The 18th century sees the first true valentines appear, along with the famous valentine poem: The rose is red, the violet’s blue/The honey’s sweet, and so are you. This classic rhyme first appeared in a 1784 book of nursery rhymes. While handmade cards appeared in the late 1700s, very few are still in existence. York Castle Museum has one on display from 1797, which may be the oldest valentine on record.

The First Vintage Valentines

A puzzle purse valentine, a popular vintage style, circa 1800.

It is in the early 1800s when valentines as we know them – romantic greeting cards – truly gain popularity and we start to see some examples of remarkably artistic cards. Christine Bunish started gathering vintage valentines about 25 years ago and opened her Etsy shop, GatherAntiques, in 2012.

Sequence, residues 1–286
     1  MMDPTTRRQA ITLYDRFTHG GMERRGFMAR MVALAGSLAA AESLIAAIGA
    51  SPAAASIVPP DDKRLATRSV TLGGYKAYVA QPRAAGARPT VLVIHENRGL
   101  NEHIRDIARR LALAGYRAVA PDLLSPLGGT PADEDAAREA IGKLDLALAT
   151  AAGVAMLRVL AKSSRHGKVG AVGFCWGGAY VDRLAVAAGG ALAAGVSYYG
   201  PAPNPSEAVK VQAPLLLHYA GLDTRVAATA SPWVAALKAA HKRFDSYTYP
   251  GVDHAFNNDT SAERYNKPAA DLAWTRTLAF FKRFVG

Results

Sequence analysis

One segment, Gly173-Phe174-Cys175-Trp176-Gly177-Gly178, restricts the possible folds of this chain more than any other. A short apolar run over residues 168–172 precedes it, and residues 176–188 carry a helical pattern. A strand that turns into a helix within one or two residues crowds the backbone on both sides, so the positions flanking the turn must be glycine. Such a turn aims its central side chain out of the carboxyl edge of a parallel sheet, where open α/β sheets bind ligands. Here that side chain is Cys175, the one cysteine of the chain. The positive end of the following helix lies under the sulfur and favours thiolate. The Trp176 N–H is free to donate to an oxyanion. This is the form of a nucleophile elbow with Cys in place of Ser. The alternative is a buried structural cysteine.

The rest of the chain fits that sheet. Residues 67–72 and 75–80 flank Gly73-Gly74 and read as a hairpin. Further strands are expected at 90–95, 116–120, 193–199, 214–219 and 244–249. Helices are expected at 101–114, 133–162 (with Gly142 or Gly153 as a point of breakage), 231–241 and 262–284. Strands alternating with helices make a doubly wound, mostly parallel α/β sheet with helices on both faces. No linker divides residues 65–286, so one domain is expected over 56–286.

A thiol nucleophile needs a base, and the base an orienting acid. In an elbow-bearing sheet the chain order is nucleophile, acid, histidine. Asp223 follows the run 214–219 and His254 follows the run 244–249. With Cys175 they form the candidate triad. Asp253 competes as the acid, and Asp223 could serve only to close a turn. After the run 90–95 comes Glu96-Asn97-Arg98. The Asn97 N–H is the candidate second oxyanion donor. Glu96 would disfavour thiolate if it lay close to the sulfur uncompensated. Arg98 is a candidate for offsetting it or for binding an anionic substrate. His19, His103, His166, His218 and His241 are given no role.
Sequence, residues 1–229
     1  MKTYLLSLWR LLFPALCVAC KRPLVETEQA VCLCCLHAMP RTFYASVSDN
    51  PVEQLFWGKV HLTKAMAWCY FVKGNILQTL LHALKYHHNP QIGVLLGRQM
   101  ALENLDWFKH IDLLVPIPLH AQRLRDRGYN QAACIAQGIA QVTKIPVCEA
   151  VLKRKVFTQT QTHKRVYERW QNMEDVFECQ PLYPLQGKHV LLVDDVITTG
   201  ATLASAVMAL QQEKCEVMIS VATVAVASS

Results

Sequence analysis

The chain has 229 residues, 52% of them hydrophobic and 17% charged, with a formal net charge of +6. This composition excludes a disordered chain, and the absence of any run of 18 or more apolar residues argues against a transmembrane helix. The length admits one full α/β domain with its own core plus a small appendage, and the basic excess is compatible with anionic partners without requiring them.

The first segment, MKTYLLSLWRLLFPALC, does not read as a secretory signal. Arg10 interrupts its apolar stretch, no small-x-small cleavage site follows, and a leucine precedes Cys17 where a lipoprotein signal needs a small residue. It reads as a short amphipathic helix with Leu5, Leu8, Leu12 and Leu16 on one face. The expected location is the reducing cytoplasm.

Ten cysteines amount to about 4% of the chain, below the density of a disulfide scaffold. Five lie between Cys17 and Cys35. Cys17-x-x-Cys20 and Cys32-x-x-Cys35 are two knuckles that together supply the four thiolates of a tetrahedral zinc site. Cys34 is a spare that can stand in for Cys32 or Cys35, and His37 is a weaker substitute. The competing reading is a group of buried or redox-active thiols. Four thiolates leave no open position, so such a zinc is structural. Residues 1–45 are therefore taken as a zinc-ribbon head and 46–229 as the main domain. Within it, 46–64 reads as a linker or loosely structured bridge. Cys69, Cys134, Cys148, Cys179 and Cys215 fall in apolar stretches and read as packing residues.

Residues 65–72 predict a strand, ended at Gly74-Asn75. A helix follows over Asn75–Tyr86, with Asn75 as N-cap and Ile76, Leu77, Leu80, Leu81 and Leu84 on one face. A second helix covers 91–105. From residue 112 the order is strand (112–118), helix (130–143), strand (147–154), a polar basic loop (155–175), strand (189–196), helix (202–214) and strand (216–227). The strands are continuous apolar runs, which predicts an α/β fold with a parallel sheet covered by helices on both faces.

“Valentines are among the prettiest and most fun paper items available, and it’s always wonderful to make a connection with how people celebrated the holiday in the past,” she says.  “When you think about it, it’s a wonder that any paper items have survived past the sender’s and recipient’s lifetime. After all, paper is easy to tear, crease and lose. And items that have been mailed have endured the postal process. So the Valentines we see from 100 or almost 200 years ago are true survivors, sometimes lovingly preserved in a scrapbook.”

A die-cut valentine from the 1800s.

Bunish found most of her valentine collection at antiques shows, online and at vintage flea markets. “If you have patience and determination and are not afraid to rummage you can come up with some great finds,” she says.

Esther Howland: The Mother of Vintage Valentines

Valentines that are marked by early makers are highly valuable. One of the best-known early valentine makers is Esther Howland. “She is credited with starting a cottage industry that turned into America’s first commercial Valentine makers,” says Bunish.

A valentine created by vintage artist and icon Esther Howland. Image courtesy of Nancy Rosin.